ARLINGTON, Texas (AP) — For Corey Seager, it was a weird feeling being at his locker in the Texas Rangers clubhouse after the regular-season finale knowing there were no more games to play.
That has become all too common for the Rangers, who have now missed the playoffs six years in a row — even after their record spending spree last offseason that included an investment of a half-billion dollars to sign free-agent middle infielders Seager and Marcus Semien to long-term deals.
“It’s just been a strange day because you’re kind of expecting what’s next, and it’s not there,” said Seager, the shortstop whose first seven big league seasons were with the Los Angeles Dodgers, who went to three World Series and never missed the playoffs in that span. He was World Series MVP two years ago.
There were never any expectations that Texas would go from 102 losses last year immediately to a title. But the Rangers never had a winning record at any point this season, the peak being 24-24 at the end of May. They finished 68-94, only eight wins more than 2021.
Fourth-year manager Chris Woodward and president of baseball operations Jon Daniels, the longtime executive who was general manager of World Series teams in 2010 and 2011, were fired days apart in mid-August.
“Bottom line is we’re not good, and we haven’t been good for six years,” primary team owner Ray Davis said the day he fired Daniels. The current ownership group bought the team in 2010, soon before the franchise's first World Series appearance.
While the Rangers went 17-31 for interim manager Tony Beasley, young players got extended looks over the final third of the season. Rookies like speedy outfielder Bubba Thomson (18 stolen bases in 55 games) and infielder-outfielder Josh Smith got regular playing time, and touted prospect third baseman Josh Jung made his MLB debut with 26 games the final month.
“We are not as far away, I think, as people think we are,” said Beasley, the longtime third base coach.
Beasley, who once managed Rangers GM Chris Young in the minors, will be a candidate in the managerial search. Young also will also be looking to improve the roster, with Davis saying the needs are obvious.
“We need a couple of front-end starters and we need a middle-of-the-lineup bat,” Davis said. "I don’t plan on spending as much money as we did last offseason, but we plan on spending some money.”
SEAGER AND SEMIEN
Seager hit a career-low .245, but finished fifth in the American League with a career-best 33 homers in the first year of his $325 million, 10-year contract. After his $175 million, seven-year deal, Semien was batting .193 without a homer on June 1 before getting on track to finish with a .248 average and 26 homers. Both had 83 RBIs.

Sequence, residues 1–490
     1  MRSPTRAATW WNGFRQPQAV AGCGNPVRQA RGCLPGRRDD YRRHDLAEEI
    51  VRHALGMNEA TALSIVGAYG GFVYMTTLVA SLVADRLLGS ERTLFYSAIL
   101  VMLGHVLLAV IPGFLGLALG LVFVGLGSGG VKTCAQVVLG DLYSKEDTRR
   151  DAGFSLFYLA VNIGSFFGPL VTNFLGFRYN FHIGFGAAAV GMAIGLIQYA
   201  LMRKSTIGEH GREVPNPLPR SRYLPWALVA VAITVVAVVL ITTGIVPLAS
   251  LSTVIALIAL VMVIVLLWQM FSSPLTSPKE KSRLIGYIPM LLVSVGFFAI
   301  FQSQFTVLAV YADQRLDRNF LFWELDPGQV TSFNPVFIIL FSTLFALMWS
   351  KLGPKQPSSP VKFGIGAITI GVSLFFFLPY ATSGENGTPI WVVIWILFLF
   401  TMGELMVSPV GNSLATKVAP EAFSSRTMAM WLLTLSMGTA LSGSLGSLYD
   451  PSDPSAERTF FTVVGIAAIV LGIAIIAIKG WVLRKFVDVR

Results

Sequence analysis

Left-hander Martín Pérez (12-8, 2.89 ERA) was an first-time All-Star in his return to Texas after three years away. He is going into free agency again after a $4 million, one-year deal at the start of spring training last March, and hopes to return.
Jon Gray was 7-7 with a 3.96 ERA in his Rangers debut, after his $56 million, four-year deal to be their No. 1 starter came at the same time Seager and Semien signed. The right-hander was limited to 24 starts because of three injury list stints, but did have five starts at end of the season after missing six weeks with an oblique strain.
“Feel a lot better about it mentally, just getting out there and showing that I can go out there and be the same guy again,” Gray said.
Dane Dunning (4-8, 4.46) had arthroscopic surgery Sept. 26 to repair a torn labrum in his right hip. Rookie Glenn Otto went 7-10 with a 4.64 ERA in 27 starts as a rookie, and 2016 first-round pick lefty Cole Ragans made is MLB debut with nine starts late.
LOT OF CLOSE CALLS
The 35 one-run losses for the Rangers were the most in franchise history. They lost 18 other games by two runs.
Adolis García and Semien, whose 25 stolen bases were 10 more than he had ever had, were the first Texas teammates to both have 25 homers and 25 stolen bases in the same season. The Rangers led the majors with 128 stolen bases. García hit .250 with 27 homers, 101 RBIs and 25 RBIs.
First baseman Nathaniel Lowe also had 27 homers, giving the Rangers four players with more than 25 homers. Lowe batted .302 to become the team’s first qualifier to hit .300 since Elvis Andrus and Adrian Beltre both did in 2016.
Co-pitching coaches Doug Mathis and Brendan Sagara will not return to the major league coaching staff. The Rangers said Thursday that Sagara was offered a different position in the organization, but Mathis wasn't. The remaining full-time coaches were offered the opportunity to return, with roles to be determined when a new manager is in place.
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